The lure of augmented reality has been overshadowed by robots and drones but it has the ability to work powerfully for brands, writes digital consultant Alexandra Tohme
There’s always one tech-obsessed creative at an advertising or media agency who will find merit in suggesting an Augmented Reality (AR) application as a response to a client brief. However, justifying the return on investment has not necessarily been as forthcoming.
For events and exhibitions, the technology can work powerfully for brands that want to capitalise on buyer interest, working as complementary to – or even in lieu of – printed collateral. For the public sector – not usually known for its creativity – the use of AR to engage citizens and educate them on important sections of governance can be highly effective.
One example of this is the My Virtual Home app by the Sheikh Zayed Housing Programme, which users could engage with at home and was executed by Dubai-based digital agency Takeleap. It provided visualisation of the architectural model of villas developed by the programme, allowing users to take a virtual tour. Another agency, B.U.T, also delivered AR solutions for the Regulation and Supervision Bureau (the independent body for the regulation of Water and Electricity in Abu Dhabi) for attendees during the 2015 World Future Energy Summit.
Education through technology is not typically tied to a quantifiable ROI, however brand studies following AR interaction compared with brand studies after a traditional campaign should reveal that the customer is not only aware of the brand, but more importantly, has a better understanding of how the brand is relevant to them.
Dany El Eid, founder of Pixelbug, a Dubai-based AR technology firm, says: “Depth of engagement not breadth is important for brands competing for mind share.”
Pixelbug’s work with Nestlé during 2014 led to a 9 per cent increase in sales for its Nesquik brand targeting six to 12-year-olds. He credits this to the fact the AR component was triggered whilst the product was in use in the home environment, bringing the product to life and making a powerful product/engagement connection.
This concept is the subject of many research papers which state that virtual experiences make the customer-brand relation more effective through the psychological states of presence and belonging to the proximity of the ad, involvement with its brand/product advertised, and entertainment offered. Studies also suggest that there is a constant connection within any medium; between the human mind, the technology and the environment that serves to immerse users resulting in augmented learning, altered behaviour, and a perceived sense of control. “As a result, consumers, particularly children, may feel a heightened degree of intrinsic motivation, intense concentration and enjoyment while engaging in these technology interactions,” wrote Barrie Gunter in Kids and Branding in a Digital World.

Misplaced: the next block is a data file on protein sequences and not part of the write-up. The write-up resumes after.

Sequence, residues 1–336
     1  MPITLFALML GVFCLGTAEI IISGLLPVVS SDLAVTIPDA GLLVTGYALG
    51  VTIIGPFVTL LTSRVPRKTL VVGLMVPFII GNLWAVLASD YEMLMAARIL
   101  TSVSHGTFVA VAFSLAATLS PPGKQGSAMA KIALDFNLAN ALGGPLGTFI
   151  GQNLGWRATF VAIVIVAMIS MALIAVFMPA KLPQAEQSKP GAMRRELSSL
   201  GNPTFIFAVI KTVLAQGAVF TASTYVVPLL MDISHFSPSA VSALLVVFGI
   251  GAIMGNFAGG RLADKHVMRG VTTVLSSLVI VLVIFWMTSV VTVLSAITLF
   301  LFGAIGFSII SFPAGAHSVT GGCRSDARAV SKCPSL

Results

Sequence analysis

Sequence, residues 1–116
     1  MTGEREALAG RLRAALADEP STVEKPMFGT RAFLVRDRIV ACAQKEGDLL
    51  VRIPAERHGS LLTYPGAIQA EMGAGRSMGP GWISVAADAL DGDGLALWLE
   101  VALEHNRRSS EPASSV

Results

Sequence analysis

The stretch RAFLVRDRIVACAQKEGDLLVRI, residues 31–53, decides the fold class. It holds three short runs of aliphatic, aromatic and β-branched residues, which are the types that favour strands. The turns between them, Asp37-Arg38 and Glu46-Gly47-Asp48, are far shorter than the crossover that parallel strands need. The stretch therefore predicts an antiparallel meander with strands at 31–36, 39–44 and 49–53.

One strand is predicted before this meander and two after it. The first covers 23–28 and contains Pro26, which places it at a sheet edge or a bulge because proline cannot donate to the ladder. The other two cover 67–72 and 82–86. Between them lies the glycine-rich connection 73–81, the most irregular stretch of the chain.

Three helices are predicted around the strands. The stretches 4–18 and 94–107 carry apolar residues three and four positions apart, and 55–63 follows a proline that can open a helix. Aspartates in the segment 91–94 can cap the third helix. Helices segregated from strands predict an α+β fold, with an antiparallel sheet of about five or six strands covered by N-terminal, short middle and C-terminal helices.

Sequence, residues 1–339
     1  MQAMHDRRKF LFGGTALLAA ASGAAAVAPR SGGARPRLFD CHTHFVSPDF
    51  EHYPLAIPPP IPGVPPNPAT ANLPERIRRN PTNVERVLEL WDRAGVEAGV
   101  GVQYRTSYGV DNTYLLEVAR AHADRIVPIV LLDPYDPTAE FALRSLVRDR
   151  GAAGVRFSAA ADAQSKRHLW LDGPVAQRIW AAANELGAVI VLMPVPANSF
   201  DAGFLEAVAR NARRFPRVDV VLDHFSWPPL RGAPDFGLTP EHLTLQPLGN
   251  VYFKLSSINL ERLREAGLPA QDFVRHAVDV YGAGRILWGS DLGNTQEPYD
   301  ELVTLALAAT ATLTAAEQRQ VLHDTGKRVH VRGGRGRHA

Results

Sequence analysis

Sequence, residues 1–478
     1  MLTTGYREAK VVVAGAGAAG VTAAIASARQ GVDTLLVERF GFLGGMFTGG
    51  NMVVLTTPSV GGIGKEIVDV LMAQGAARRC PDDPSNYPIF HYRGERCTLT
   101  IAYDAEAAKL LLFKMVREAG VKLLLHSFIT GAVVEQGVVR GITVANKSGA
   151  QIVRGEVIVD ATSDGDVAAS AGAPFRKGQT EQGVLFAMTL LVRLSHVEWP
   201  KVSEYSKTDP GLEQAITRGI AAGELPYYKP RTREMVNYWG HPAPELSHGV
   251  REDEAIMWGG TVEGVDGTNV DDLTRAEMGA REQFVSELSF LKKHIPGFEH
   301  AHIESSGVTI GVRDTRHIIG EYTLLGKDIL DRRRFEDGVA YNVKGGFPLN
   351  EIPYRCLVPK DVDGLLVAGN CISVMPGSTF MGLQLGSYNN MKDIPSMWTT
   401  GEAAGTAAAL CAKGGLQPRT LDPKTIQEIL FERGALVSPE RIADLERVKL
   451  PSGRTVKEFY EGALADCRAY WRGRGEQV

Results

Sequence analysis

It was these findings that supported McDonald’s use of AR on its packaging for fries during the 2014 Fifa World Cup. Users were able to play a virtual game of football using just their phone and the packaging.
AR technology doesn’t just apply to top tier advertisers either. Brand marketers who don’t have the budgets to execute TV campaigns, or are looking for more accurate engagement stats than can be found from traditional digital display campaigns, can benefit from using AR to enhance the value of their product and establish a competitive advantage. Blippar, a well known AR provider, claims dwell times in excess of 75 seconds, which is 2.5 times the average of TV or radio ads. As brand marketers know, the longer the consumer is engaged, the better the chance of being recalled.
El Eid expounds on this, saying the element of control is key. Consumers who are actively engaged with a product in 3D advertising rather than simply being a passive consumer of 2D advertising show high intent for repeat purchases and consider themselves more informed. “When it comes to children, we see this control factor more than ever,” he says. “Everything is a potential toy for them or something to explore. That’s part of their learning experience, trying to control the environment around them.”
El Eid should know. Last year Pixelbug won the MIT Arab Startup competition for its Colorbug AR product, aimed specifically at children. The most interesting feature of the product is not the technology however. It is the change in business model. “Brands know quite well the effect of interactivity on children, but up until now the lead times and cost of developing branded apps and marketing them has been too expensive for them to consider doing it at scale. Colorbug is an open application platform that the child uses, and can interact with any enabled branded content. Even the placemat in a restaurant.”
- Dany El Eid will be discussing unleashing your inner child with creative tech at the Dubai Lynx on March 6